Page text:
All 75 recommendations were summarised into eight key points in the Commonwealth’s response, which agreed with moving away from the one-size-fits-all system, as well as the overemphasis on mutual obligation requirements which was criticised to be overly burdensome.

The establishment of regional hubs, strengthening of community engagement, localised and improvement of service delivery, development of professional and workforce conditions were some of the other factors agreed to by the Commonwealth.

The May 2024-25 Federal Budget outlined a $54 million commitment over five years to a new employment pathways package in partnership with employers across the country; which looks to focus on people with barriers to work who are also seeking to connect to job opportunities.

“What we demonstrated through the inquiry is a significant proportion of long-term unemployed people have some form of disability,” Mr Hill said.

Another initiative, called the Real Jobs, Real Wages sees an investment of $32.1 million to support those who are at risk of long-term unemployment, and instead secure work through a tapered wage subsidy over six months.

Furthermore, the WorkFoundations initiative will look to invest $29.1 million to assist people with more complex barriers to employment, as well as building their work readiness through funding for social enterprises and businesses to deliver paid employment placements.

Federation University professor of social work and human services, Jenny Martin said that the significance of effective employment services, especially for those with disabilities “are important”.

“It’s quite competitive in the workplace, and the preparation of a job, and preparing for the interview, writing your letter, your resume, even having clothes to wear and all the guidance around it.

“For people who may have some kind of disability, they may be lacking in confidence, and they may need that extra support and guidance, encouragement to apply for jobs and support through the process,” she said.

Other points agreed to by the Commonwealth include the reduction of fragmentation and competition, which would mean engaging fewer service providers in order to minimise competitiveness and overlap, which could lead to more consistent and higher-quality services.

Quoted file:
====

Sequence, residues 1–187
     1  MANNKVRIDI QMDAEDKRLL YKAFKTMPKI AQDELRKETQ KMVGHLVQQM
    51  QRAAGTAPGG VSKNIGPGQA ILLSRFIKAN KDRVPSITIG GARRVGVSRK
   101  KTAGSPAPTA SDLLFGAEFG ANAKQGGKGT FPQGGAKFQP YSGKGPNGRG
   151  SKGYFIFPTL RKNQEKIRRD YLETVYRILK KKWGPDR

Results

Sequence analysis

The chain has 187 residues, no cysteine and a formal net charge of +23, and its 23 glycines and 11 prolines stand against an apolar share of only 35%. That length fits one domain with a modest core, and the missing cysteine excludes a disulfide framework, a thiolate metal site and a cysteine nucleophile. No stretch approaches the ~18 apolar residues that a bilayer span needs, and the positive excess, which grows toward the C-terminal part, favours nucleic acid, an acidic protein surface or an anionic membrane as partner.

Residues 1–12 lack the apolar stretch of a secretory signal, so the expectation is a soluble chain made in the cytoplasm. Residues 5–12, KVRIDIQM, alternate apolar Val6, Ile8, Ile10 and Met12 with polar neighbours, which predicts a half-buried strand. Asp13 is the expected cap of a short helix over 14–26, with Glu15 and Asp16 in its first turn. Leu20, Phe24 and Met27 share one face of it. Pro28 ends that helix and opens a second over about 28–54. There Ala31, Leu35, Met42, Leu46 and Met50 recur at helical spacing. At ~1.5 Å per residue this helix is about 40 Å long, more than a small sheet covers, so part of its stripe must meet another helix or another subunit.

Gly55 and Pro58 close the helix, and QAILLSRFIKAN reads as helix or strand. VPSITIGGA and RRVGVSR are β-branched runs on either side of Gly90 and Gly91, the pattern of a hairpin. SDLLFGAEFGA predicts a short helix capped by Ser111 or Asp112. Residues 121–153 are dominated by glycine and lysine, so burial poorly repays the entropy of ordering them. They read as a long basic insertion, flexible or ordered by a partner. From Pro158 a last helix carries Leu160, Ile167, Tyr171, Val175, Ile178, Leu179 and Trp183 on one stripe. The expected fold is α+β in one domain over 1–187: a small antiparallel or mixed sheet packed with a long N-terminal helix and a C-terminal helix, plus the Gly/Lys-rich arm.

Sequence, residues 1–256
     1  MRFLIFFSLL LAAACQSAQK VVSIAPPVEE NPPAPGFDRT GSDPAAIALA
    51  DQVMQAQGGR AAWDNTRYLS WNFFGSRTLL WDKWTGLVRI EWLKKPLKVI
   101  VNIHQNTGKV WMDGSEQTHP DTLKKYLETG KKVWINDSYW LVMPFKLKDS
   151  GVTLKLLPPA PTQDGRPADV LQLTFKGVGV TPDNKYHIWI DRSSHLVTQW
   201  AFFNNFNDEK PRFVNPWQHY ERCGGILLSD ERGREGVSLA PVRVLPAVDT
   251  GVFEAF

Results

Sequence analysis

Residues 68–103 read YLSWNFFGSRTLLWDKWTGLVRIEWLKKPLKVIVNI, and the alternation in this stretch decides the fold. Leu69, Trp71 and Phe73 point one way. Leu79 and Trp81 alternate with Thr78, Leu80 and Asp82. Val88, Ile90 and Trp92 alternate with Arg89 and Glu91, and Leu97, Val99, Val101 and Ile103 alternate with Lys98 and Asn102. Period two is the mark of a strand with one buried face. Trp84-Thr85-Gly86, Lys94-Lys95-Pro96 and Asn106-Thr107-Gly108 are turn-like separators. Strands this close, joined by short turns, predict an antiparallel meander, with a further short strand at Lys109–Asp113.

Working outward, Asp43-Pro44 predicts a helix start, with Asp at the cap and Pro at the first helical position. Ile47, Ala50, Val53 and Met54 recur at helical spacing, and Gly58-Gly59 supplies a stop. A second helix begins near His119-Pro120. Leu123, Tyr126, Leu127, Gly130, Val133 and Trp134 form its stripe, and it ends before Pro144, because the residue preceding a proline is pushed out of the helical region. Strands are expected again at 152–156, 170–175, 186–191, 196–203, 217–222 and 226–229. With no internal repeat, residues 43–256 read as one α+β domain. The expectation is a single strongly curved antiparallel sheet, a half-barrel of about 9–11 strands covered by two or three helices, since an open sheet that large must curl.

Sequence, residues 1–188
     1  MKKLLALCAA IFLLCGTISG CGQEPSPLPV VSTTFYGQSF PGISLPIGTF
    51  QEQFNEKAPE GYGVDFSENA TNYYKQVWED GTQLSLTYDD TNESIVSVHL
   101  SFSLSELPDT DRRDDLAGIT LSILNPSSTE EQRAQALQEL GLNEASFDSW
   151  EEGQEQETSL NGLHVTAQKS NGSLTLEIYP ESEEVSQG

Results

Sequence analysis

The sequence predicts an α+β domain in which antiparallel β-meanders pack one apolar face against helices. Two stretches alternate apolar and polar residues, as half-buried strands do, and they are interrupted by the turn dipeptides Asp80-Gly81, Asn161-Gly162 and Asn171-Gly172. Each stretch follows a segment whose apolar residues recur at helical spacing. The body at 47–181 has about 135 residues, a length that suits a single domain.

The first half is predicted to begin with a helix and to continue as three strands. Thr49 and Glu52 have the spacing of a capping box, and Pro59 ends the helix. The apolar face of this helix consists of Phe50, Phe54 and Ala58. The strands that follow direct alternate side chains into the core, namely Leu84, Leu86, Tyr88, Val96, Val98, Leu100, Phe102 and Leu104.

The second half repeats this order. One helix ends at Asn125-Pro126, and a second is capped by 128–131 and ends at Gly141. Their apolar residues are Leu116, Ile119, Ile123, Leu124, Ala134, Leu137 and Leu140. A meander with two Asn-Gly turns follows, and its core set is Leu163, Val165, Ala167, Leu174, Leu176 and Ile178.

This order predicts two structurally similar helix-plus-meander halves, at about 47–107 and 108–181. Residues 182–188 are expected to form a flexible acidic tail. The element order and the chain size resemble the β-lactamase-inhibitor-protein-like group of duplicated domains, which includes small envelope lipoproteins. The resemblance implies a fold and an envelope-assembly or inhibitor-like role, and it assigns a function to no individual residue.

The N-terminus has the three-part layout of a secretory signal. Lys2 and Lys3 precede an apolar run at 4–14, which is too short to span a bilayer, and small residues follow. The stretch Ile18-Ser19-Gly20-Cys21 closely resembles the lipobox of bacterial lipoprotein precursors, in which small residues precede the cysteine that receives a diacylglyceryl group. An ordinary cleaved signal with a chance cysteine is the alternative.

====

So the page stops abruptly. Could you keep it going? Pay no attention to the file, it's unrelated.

Building on the aspect of a more individualised and flexible service model, better coordination between employment services and the demands of employers and other industries was agreed to, and that “work is underway” to a system that employers “want to use”, according to the document.

“Employment is very important, it’s not just you’re getting an independent income, but you’ve also got all the social benefits and purpose, routine, making friends, all those things that come with a job,” Professor Martin said.

“I think that sometimes people [employers] can have lowered expectations and you know, using a deficit sort of model, think that people won’t be able to do certain things.

“To have a perspective around that sort of recovery paradigm of people being able to achieve their hopes and dreams, to really support them in achieving what they want to do without passing any judgment or imposing any external standards is important,” she said.

A new voluntary pre-employment service for parents was also agreed to, which the Committee suggested the abolishment of the ParentsNext program.

The Commonwealth paused all compulsory participation requirements on May 2023, with a new pre-employment service entering discussion with stakeholders in July, and announced in December.

According to the government’s response, further details are to follow for the plans on employment services reforms, which at that point would include the phasing and priority for implementation.